Published on November 22nd, 2014 |
by Ross Garner
Global Trading Patterns set for structural changes in wake of environmental ‘War on Pollution’
The dry bulk freight markets are volatile. Shipments of grains, beans and wheat fluctuate according to weather conditions, and whether or not Russia has invaded Ukraine. Iron Ore and thermal coal freights depend largely on China’s Industrial Production as a measure of GDP.
Thermal coal freight markets are set for their biggest upset thanks largely due to China’s new regulations on the sulphur and ash content of coal imports.
The new Chinese regulations will come into effect from January 1st 2015, and stipulate that coal that contains more than 16% ash and 1% sulphur will no longer allowed to be burned.
This will have a serious and detrimental affect on the dry bulk freight market, primarily in relation to Australian coal exports. Around 55% of Australian coal fails to comply with the new standards set by Chinese regulators and comes a bitter blow for an already fragile market.
Coal shipments from the seven major exporting countries during the January-May period already accounted for 40% of the total shipments for 2014. Indeed a Reuters report said the global market for seaborne coal will be oversupplied by roughly 10 million tonnes in 2014.
The new regulations look set to weaken to the Qingdao-Western Australian coal trading route and thereby diminish Australian coal exports to China.
Australia’s loss is not Indonesia’s gain
Indonesia has high quality coal resources that fall within the new Chinese regulations. However, Indonesia is now being very national in its energy independence as it seeks to prevent the exploitation of its natural resources.
Measures to prevent the exploitation of its coal resources include an annual capping on coal production, and requiring companies to register with the government for licenses for coal exports.
This all makes it severely unlikely that Indonesia will be able to plug the gap left by diminishing Australian coal exports to China.
Dry bulk freight markets tend to be particularly unpredictable due to Chinese polarisation. The cost of bringing down the environmental cost of development in China has lead to the introduction of these new regulations. However, if Australian coal fails to make the grade, and Indonesia exports alone cannot make up for the demand then importers will have to look further afield in order to keep domestic steel production up.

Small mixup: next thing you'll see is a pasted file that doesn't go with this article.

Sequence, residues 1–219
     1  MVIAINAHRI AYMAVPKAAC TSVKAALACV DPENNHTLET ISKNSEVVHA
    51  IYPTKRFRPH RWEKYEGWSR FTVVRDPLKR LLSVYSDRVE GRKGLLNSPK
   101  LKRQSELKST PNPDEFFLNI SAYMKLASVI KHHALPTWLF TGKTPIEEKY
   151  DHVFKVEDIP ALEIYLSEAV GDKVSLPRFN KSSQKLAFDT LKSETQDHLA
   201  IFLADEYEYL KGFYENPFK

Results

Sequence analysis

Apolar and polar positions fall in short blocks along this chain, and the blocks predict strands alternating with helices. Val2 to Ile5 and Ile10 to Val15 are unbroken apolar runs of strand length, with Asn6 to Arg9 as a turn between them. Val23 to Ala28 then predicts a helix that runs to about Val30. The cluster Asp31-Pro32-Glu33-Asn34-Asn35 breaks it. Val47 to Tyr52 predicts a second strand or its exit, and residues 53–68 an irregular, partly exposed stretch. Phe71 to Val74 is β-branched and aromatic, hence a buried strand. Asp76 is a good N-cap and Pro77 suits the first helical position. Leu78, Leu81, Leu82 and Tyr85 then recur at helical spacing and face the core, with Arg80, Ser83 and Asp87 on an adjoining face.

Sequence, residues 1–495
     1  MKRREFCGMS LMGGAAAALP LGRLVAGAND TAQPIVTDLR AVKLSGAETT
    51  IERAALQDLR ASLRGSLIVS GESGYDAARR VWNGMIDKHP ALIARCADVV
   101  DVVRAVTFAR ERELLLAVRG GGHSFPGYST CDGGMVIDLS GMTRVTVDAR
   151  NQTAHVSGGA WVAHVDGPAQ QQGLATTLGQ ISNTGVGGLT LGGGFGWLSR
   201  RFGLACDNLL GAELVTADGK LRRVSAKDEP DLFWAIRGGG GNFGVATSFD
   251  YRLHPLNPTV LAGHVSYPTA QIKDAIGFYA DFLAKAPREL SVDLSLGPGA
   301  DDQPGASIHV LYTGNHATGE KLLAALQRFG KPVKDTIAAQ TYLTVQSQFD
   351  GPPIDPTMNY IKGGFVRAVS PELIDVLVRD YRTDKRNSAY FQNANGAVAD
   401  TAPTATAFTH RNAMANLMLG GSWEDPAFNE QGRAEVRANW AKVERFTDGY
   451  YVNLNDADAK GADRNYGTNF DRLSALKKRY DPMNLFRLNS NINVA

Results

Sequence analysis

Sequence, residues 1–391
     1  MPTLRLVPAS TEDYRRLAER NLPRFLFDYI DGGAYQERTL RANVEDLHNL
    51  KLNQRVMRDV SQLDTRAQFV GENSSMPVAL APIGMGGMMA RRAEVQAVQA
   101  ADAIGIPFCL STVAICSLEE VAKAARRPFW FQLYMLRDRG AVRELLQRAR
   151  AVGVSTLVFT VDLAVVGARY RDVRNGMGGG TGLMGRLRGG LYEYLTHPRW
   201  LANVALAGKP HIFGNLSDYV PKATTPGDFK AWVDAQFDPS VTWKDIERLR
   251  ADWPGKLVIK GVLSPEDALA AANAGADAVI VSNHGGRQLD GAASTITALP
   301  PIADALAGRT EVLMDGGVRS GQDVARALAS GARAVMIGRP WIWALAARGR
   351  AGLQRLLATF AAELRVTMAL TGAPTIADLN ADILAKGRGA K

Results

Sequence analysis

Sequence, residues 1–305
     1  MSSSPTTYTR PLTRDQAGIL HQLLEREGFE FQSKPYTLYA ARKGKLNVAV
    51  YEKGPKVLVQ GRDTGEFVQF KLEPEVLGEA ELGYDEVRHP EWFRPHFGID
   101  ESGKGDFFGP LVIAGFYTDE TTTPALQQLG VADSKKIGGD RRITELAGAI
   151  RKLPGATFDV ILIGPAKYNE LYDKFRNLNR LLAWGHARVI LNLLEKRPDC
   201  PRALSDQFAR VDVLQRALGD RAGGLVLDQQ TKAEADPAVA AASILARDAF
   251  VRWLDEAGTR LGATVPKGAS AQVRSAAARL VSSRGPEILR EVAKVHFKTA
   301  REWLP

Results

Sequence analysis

Chinese industrial growth hit 8.8% in mid-August so it seems that steel production will steel continue to play a large part in Chinese growth, and therefore appetite for thermal coal will be maintained.
Colombian coal could be one source of imports. Colombian coal production is expected to reach about 94 million tonnes and would satisfy Chinese regulations.
Shipping quantities of coal from Colombia to China would also provide an increase in ton-mile earnings for shipowners in so far as they would be transporting the same amount of coal as normal (say from Australia to China) but over a longer distance. An increase in this market would naturally favour freight rates for the Capesize markets.
Currently most Colombian coal is exported to Europe, but it is possible that EU emission regulations would push down seaborne coal imports and open up the possibility for these cargoes to fill the void left of a lack of Australian coal exports into China.
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